Mr. Siebel will have three or four cooks to manage and two or three other employees.
Its a big challenge to open a restaurant, Mr. Siebel said. Especially when you start with a totally new staff. Its more than the food and the servers. There has to be a chemistry happening.
Mr. Siebel heard from people that one of the reason previous restaurants there failed is that the location is too far from the village of Potsdam, about 6 miles, to travel to.
I told Marc that the reason people said it was too far to go is that they havent been given a reason to go there, Mr. Siebel said. He has given that reason.
food, business, music
Mr. Siebel is active in the community. That service was honored in 2010 when he received the Roger B. Linden Distinguished Service Award from SUNY Potsdam. He earned his bachelors and masters degrees in music education from the Crane School of Music. While an undergraduate, he was student director of The Varsity, an 18-piece big band which became the Crane Jazz Ensemble.
He is a past president of Julia E. Crane Alumni Association and served on the board of directors for Potsdam Alumni Association and Potsdam College Foundation.
In 2010 and 2011, he was interim director of the Community Performance Series, arranging acts and promoting concerts. He has been a guest lecturer for Crane School of Music business classes.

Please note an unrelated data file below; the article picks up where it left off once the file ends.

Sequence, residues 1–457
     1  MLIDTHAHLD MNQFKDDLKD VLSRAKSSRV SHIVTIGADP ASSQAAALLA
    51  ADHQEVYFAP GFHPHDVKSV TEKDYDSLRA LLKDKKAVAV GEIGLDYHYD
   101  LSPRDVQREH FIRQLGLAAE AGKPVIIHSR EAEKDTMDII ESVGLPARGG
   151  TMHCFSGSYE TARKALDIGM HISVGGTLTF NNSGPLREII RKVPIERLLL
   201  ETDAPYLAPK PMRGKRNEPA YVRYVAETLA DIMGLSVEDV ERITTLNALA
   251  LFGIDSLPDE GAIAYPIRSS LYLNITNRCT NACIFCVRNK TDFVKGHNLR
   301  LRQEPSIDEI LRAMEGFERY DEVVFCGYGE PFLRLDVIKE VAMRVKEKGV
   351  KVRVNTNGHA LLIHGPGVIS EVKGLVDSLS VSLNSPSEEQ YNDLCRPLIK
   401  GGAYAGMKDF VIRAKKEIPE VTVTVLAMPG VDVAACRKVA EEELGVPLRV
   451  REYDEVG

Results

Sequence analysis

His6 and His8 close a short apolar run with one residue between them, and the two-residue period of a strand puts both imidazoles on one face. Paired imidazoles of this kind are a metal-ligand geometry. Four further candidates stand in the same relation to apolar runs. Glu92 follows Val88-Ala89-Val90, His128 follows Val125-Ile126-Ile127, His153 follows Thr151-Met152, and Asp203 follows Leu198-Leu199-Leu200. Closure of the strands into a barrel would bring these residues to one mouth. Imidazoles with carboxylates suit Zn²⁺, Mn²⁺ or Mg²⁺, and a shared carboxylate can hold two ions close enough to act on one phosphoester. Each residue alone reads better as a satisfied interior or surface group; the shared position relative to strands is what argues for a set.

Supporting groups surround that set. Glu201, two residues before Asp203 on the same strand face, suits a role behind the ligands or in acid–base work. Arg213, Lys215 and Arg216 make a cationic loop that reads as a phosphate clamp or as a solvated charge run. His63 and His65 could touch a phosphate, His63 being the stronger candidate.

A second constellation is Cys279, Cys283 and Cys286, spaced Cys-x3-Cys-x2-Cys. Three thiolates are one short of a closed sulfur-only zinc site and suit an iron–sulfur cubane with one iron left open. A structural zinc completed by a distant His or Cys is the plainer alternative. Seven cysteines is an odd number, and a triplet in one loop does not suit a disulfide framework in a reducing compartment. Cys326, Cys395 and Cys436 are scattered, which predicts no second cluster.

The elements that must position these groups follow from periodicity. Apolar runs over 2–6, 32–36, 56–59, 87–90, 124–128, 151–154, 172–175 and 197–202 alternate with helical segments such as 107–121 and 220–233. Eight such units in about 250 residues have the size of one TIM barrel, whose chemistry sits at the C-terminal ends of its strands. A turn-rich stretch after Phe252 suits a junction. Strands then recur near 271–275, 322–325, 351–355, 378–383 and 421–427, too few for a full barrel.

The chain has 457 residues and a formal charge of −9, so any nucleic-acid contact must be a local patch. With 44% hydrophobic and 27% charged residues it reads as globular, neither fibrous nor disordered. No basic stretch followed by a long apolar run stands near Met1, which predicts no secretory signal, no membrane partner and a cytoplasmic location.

Mr. Siebel performs with orchestras and big bands and plays in pit bands for school musicals throughout the region. He is the founder and leader of the All Star Big Band. Since 1982, it has performed at festivals and events throughout the north country. Its made up of professional musicians from Northern New York, including faculty from Crane and area music educators.
A food enthusiast
Mr. Siebel said he developed his passion for food as a child going out to dinner with his family on Long Island.
My parents appreciated good food, and they took us out quite a bit, Mr. Siebel said. We went to nice restaurants and Im sure they had to save up to do that.
Today, Ill eat anything and everything. I love steak tartare, sushi, dolmas and fois gras as much as I enjoy cabbage rolls, a good Caesar salad, Swedish meatballs and Ben & Jerrys cookie dough ice cream.